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Burch colposuspension Q&As
Published by Bupa's health information team, March 2009.
Answers to questions about burch colposuspension
This section contains answers to common questions about this topic. Questions have been suggested by health professionals, website feedback and requests via email.
What are pelvic floor muscles and how can they help with stress incontinence?
Your urethra (the tube through which urine passes out of the body), vagina and anus pass through the pelvic floor muscles. Stress incontinence is when urine leaks because sudden pressure is put on your bladder, such as when you cough, laugh or lift something. Strong pelvic floor muscles can help keep your bladder and urethral sphincter closed, and stop accidental leakage.
Pelvic floor muscles form a sling passing from the coccyx (tip of your spine) at the back to the pubic bone at the front. The urethra, vagina and anus pass through the pelvic floor, so strengthening your pelvic floor can help stop accidental leakage from your bladder. Strong pelvic floor muscles also make it less likely for the womb to slide down into your vagina and may increase your sexual satisfaction, as you are able to contract and relax your vaginal wall muscles better.
Pelvic floor exercises
Check with your physiotherapist or surgeon before you do these exercises.
- Get into a comfortable position, either lying on your back or sitting upright in a chair.
- To find your pelvic floor muscles, imagine you are trying to stop yourself from passing wind and stop the flow of urine at the same time. Try to lift the front and back passages.
- As you contract the muscles try to breathe normally - don't hold your breath. Don't squeeze your legs together as you contract.
Try to do ten slow contractions (tighten the muscles for up to ten seconds, release and rest for four seconds and repeat contraction) and ten quick contractions (squeeze, lift firmly and let go quickly). You need to do these exercises five to ten times a day and continue to do them for the rest of your life.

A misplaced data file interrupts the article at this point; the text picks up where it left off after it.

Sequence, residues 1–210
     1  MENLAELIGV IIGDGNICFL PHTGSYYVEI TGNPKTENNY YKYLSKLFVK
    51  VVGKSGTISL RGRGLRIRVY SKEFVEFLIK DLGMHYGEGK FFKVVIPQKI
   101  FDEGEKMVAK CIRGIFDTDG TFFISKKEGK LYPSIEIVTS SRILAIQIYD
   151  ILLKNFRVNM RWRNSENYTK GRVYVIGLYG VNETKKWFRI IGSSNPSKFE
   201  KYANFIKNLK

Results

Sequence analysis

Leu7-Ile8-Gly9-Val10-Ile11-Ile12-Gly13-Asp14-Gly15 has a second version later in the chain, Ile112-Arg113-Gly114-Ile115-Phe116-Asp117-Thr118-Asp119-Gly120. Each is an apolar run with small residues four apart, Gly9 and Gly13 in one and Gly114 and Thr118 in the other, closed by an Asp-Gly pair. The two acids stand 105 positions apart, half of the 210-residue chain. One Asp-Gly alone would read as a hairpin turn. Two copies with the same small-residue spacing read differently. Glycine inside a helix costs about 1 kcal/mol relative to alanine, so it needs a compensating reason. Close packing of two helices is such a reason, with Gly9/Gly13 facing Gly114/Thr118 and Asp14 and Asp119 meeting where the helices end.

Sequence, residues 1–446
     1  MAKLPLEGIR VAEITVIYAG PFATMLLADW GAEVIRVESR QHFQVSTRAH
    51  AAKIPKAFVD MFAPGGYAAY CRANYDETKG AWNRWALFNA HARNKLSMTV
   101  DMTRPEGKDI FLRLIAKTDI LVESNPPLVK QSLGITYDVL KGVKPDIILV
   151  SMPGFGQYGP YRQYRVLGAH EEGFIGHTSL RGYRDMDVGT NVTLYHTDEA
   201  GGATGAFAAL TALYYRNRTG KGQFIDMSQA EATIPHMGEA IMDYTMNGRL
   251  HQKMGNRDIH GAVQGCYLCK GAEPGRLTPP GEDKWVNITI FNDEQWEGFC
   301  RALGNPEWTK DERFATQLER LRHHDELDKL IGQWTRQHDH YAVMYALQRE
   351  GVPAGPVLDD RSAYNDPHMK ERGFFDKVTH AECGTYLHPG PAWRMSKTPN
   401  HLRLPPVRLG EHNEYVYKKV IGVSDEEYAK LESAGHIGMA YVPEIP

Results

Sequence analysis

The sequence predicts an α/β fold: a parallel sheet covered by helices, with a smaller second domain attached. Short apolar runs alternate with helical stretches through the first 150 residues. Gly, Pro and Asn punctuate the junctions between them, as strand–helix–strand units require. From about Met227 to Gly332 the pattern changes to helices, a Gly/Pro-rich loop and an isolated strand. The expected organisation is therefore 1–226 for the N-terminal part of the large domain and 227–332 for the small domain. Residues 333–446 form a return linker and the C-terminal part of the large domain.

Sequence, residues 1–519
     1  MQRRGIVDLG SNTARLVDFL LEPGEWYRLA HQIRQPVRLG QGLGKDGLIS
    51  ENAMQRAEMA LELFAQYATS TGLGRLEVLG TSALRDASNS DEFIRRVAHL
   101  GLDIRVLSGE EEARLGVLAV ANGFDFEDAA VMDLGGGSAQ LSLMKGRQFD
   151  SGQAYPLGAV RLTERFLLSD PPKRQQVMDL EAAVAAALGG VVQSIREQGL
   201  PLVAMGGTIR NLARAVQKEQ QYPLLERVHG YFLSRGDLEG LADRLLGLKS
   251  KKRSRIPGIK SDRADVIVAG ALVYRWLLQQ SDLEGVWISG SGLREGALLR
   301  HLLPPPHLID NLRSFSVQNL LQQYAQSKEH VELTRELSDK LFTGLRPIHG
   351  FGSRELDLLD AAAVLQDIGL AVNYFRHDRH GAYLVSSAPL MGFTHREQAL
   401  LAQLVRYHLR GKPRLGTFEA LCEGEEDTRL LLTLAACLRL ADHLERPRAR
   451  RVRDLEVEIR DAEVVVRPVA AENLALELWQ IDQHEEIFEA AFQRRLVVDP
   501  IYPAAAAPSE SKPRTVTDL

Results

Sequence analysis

What can I do to improve my bowel movement after having Burch colposuspension?
A diet rich in fibre, fruit and vegetables and plenty to drink is often all that is needed to improve your bowel movement.
Mild constipation is common after surgery. But it's important to try and avoid this because straining when you go to the toilet is uncomfortable and puts pressure on the healing wound.
To help improve your bowel movement, make sure that your diet is rich in fibre. Fibre is essential for healthy bowel function. When fibre passes through your bowel, it absorbs a lot of water and increases the bulk of any waste matter. It also makes the waste softer and increases the speed and ease with which it passes through your bowel. Eating at least five portions of fruit and vegetables per day and wholemeal bread, rice or pasta will usually provide enough fibre to keep your bowel function healthy.
To prevent or relieve constipation, it's also important to remain well hydrated. Drinking six to eight glasses of fluid (that's about two litres) per day is usually sufficient.
What are my treatment options if the Burch colposuspension fails?
Burch colposuspension has a good success rate; 85 to 90 percent of women are cured or their symptoms are significantly improved.
Burch colposuspension is often done using keyhole surgery because this procedure leaves less scarring and has a quicker recovery period. Most women find their symptoms are completely cured or significantly improved after the operation. But, if your symptoms return your doctor may recommend repeat Burch colposuspension using open surgery technique. Open surgery involves a larger cut in your lower abdomen and usually has a longer recovery period.
- Surgical treatment of urodynamic stress incontinence - guideline No.35. Royal college of Obstetricians and Gynaecologists, 2003. www.rcog.org.uk
This information was published by Bupa's health information team and is based on reputable sources of medical evidence. It has been peer reviewed by Mr Naim Boutros, MBchB, LRCP, MRCS, MRCOG, Dip Ultrasound, Consultant Obstetrician and Gynaecologist, Medway Maritime Hospital NHS Trust, and by Bupa doctors. The content is intended for general information only and does not replace the need for personal advice from a qualified health professional.
Publication date: March 2009
Burch colposuspension factsheet
Visit the burch colposuspension factsheet for more information.